Application of Dose Limits
The third principle of radiological protection is the application of dose limits. The 2007 Recommendations of the ICRP specify the effective dose limit for occupational exposure (excluding radiation work in an emergency) as 100 mSv per five years and 50 mSv for the specific one year.
The effective dose limit for public exposure is specified as 1 mSv per year.
Dose limits are the standard limits below which the total exposure to all radiation sources under management is to be controlled. The goal is not to merely keep the total exposure below those dose limits but continued efforts are required to reduce exposure doses through further optimizing radiological protection. In this sense, dose limits do not stand for permissible exposure doses, nor do they represent the threshold to divide the safety and the danger.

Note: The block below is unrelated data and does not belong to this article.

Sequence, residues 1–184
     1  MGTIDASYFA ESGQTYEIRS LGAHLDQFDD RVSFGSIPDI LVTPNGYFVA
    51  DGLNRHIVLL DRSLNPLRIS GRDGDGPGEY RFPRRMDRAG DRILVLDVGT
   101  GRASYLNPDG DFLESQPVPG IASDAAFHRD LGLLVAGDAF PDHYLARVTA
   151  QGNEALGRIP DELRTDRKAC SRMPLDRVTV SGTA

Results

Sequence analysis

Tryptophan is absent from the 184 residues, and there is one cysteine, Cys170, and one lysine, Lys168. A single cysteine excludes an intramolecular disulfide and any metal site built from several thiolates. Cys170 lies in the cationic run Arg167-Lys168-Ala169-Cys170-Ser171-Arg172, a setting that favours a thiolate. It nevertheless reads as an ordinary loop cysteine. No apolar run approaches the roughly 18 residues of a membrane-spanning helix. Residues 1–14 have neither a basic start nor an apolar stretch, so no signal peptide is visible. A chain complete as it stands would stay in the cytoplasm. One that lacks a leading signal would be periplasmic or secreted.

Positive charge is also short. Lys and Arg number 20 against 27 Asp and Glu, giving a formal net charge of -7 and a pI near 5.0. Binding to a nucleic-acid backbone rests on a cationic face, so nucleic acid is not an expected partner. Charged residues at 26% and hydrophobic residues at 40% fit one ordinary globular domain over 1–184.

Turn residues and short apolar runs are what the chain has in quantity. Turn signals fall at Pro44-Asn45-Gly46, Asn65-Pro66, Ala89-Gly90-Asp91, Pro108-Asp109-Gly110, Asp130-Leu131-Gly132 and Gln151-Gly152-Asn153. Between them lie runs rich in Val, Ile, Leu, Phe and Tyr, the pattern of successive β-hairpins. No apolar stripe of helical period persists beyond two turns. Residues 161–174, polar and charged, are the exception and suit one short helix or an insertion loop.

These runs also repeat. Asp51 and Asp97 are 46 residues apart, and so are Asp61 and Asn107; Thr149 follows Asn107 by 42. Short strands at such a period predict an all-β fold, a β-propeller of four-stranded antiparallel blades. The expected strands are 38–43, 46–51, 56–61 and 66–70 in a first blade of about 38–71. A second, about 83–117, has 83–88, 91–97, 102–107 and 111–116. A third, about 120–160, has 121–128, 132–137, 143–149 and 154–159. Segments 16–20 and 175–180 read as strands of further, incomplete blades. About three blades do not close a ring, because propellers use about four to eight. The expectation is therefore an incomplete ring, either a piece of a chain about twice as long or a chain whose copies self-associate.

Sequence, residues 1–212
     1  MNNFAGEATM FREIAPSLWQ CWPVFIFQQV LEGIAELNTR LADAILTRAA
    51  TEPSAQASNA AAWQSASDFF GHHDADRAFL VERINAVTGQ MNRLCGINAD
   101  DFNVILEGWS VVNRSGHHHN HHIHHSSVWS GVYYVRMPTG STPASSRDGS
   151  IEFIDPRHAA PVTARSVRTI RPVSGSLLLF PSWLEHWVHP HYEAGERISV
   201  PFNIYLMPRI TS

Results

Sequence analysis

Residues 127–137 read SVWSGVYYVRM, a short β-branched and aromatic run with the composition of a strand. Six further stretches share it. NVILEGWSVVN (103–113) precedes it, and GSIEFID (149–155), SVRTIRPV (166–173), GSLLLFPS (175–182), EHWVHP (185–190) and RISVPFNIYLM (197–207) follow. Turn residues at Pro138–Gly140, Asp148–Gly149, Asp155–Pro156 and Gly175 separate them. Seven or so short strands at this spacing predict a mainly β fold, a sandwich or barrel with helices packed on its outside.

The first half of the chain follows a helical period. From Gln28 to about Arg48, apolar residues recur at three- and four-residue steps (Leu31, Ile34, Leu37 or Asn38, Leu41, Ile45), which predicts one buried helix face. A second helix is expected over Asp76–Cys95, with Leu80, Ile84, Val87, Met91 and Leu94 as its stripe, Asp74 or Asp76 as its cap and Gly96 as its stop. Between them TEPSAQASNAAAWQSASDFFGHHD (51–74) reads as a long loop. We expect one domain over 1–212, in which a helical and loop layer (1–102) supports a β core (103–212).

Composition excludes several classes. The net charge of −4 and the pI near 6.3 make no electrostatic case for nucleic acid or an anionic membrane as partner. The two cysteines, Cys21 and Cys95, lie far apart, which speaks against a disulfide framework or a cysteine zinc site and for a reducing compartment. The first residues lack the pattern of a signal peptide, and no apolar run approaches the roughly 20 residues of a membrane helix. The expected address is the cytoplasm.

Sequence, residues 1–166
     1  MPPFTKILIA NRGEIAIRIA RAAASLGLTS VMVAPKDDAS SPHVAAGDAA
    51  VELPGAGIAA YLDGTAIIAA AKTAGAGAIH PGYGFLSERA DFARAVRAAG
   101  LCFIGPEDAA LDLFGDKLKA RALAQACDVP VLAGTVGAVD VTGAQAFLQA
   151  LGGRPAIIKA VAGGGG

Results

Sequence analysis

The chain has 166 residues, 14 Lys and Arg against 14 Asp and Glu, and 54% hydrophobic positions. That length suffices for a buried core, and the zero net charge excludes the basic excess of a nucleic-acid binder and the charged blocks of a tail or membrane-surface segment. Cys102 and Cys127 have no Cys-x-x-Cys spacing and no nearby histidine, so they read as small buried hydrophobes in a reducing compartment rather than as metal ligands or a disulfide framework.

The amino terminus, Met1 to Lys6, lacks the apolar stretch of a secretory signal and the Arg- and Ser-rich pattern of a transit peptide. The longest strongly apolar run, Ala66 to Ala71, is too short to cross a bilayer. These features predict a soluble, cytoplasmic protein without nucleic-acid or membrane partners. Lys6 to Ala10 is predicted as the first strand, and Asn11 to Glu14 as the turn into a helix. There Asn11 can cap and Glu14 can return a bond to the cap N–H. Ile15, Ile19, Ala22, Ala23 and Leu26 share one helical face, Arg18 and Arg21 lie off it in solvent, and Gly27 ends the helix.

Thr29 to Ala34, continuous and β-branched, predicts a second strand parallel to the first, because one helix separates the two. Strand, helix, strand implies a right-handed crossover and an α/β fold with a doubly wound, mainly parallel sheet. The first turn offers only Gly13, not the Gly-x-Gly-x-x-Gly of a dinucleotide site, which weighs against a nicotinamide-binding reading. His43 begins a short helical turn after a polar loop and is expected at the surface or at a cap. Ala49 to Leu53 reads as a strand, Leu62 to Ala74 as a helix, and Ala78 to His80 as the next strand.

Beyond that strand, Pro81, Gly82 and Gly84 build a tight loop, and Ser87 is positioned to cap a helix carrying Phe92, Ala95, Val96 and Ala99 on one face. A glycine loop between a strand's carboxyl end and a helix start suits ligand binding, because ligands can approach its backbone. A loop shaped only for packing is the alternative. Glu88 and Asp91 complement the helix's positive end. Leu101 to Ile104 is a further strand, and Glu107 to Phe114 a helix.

Regarding medical exposure in treatment or health checkups, dose limits are not applied. This is because the application of dose limits to medical exposure may hinder patients from receiving necessary inspections or treatment and is sometimes detrimental to them. Accordingly, the justification is to be made from three viewpoints (the fact that radiation use in medicine is more beneficial than harmful to patients; application of specific methods to patients exhibiting specific symptoms; and application of methods customized for respective patients), and doses are to be optimized by applying diagnostic reference levels, etc.
- Included in this reference material on March 31, 2013
- Updated on March 31, 2016